Pet Dental Health Month in February is when we remember that our furry friends don’t carry a toothbrush around with them and so their teeth may need a little attention. Whether a dog, cat, rabbit or other species, let’s remember our pets by lovingly looking after their teeth. Dental checks are as important to animals as they are to us and looking after their dental health significantly prevents oral problems they may have in the future. Red gums, stinky breath, or yellow teeth could lead to an oral disease if left untreated, giving your pet a poor quality of life and nobody wants that! This National Pet Dental Health Month let’s prioritize our pet’s teeth as much as we do their stomachs.
History of Pet Dental Health Month
Pet health dates back thousands of years. In 9000 BC, the first veterinary practice of any kind appeared in the Middle East. It was used for sheepherders who treated the dogs who watched over their sheep. In Ancient Egypt, animal treatment became more common. Cats, fowl, and dogs were regular choices for pets and considered by many families to be members of the household.
In 1900 BC some sacred Hindu texts captured the first written account of the practice of veterinary medicine. In 1850, archaeologists found fragments of an ancient vet’s medical books covering diseases found in birds, cattle, fish, and dogs.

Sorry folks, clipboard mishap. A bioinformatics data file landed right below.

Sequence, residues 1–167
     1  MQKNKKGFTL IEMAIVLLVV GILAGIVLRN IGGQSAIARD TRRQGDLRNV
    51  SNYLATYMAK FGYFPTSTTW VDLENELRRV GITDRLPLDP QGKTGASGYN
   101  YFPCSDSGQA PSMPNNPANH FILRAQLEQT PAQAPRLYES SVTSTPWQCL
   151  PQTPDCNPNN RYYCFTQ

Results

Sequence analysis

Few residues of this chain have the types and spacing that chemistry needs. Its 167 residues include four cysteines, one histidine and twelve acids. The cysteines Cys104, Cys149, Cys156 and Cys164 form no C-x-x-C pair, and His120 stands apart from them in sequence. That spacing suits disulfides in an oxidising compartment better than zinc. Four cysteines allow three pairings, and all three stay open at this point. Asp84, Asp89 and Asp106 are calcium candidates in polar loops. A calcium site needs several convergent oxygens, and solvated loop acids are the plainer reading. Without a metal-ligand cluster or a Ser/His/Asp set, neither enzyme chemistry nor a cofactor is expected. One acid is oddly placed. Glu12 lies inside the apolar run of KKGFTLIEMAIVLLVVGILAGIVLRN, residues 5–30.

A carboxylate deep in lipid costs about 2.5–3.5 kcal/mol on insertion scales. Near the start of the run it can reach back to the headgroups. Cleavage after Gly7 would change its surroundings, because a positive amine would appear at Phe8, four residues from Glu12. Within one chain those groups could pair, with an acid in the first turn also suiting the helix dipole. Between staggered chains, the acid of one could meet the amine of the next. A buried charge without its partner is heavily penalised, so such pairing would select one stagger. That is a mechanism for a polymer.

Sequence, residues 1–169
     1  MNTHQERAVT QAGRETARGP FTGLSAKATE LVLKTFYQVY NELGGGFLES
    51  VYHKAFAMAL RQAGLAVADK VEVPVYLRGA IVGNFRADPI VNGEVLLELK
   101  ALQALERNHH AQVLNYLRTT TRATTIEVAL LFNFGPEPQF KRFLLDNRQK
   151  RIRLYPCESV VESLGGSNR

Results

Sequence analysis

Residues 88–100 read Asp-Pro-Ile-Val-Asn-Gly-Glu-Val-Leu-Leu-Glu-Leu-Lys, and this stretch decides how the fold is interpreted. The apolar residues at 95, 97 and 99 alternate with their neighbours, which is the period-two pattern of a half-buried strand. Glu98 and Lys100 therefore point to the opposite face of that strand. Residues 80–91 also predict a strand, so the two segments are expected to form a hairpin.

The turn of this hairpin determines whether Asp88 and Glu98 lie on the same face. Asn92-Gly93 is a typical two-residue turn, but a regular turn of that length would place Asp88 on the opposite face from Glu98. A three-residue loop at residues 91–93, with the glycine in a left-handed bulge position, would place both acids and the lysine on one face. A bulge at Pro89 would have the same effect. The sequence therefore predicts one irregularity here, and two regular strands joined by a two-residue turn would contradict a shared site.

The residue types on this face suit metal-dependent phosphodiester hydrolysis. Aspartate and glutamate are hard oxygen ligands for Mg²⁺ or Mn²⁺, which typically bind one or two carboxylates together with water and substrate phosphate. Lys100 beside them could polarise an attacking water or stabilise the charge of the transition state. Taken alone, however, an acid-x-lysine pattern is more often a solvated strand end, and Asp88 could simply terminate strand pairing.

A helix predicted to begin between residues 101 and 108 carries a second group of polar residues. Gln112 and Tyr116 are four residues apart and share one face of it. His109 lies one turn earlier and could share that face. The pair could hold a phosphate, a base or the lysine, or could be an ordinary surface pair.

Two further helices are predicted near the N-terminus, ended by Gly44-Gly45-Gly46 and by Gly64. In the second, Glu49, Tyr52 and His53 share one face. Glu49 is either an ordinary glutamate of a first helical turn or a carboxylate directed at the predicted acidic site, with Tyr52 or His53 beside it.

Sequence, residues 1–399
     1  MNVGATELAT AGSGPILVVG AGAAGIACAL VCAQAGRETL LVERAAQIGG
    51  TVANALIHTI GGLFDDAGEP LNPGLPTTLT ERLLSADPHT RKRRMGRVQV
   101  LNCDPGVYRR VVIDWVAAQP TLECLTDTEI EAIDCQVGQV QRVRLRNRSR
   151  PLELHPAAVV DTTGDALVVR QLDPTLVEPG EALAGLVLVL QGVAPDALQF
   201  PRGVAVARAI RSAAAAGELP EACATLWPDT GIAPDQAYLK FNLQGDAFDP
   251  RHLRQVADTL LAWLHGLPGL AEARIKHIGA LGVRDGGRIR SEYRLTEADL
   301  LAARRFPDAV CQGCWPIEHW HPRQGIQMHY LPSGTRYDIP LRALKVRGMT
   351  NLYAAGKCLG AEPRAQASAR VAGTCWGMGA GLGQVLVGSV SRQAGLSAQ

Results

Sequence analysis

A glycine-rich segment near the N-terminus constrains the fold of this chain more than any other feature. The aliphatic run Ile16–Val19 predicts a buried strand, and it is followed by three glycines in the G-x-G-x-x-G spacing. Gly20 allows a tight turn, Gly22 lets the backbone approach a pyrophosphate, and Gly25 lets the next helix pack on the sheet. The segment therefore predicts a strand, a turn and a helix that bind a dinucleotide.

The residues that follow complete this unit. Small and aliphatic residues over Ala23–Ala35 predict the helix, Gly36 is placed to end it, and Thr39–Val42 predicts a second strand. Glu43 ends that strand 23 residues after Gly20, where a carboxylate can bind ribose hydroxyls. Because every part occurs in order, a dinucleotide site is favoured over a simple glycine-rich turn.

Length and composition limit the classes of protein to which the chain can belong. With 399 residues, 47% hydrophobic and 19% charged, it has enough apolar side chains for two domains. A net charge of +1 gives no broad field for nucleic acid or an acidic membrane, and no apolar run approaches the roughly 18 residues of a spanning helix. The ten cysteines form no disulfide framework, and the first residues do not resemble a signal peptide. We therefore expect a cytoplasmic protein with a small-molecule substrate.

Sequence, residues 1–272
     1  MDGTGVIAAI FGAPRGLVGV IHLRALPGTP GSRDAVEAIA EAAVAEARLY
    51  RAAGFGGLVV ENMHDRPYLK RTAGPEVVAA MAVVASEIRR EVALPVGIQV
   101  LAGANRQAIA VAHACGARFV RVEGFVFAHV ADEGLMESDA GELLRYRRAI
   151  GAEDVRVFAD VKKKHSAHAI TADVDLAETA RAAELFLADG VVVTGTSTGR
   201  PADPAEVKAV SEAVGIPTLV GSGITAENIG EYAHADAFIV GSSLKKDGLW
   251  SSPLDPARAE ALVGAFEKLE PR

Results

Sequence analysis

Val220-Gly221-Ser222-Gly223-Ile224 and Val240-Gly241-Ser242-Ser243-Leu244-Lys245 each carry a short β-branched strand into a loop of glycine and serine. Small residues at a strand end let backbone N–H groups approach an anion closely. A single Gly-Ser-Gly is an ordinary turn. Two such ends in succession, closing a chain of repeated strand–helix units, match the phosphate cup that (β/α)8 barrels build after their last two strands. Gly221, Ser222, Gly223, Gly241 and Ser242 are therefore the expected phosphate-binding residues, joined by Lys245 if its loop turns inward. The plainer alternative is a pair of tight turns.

The last 100 years have seen a steady increase in the number of pets receiving regular medical care. There are now thousands of animal hospitals dedicated to the care of small house pets. It was also around this time that the first policy for pet insurance for a cat was written by a Swedish insurance company called Länsförsäkrings Alliance.
As our concern for pet’s health has increased, so has our awareness of the importance of their dental health. Pet dentists came up with Pet Dental Health Month to draw attention to some serious health issues pets may go through due to ill oral health. Most owners notice an oral issue when it’s too late, with the pet already in discomfort to the point where they have stopped eating. Studies have revealed an obvious correlation between the health of our pets and oral disease. Animals with clean teeth live longer lives.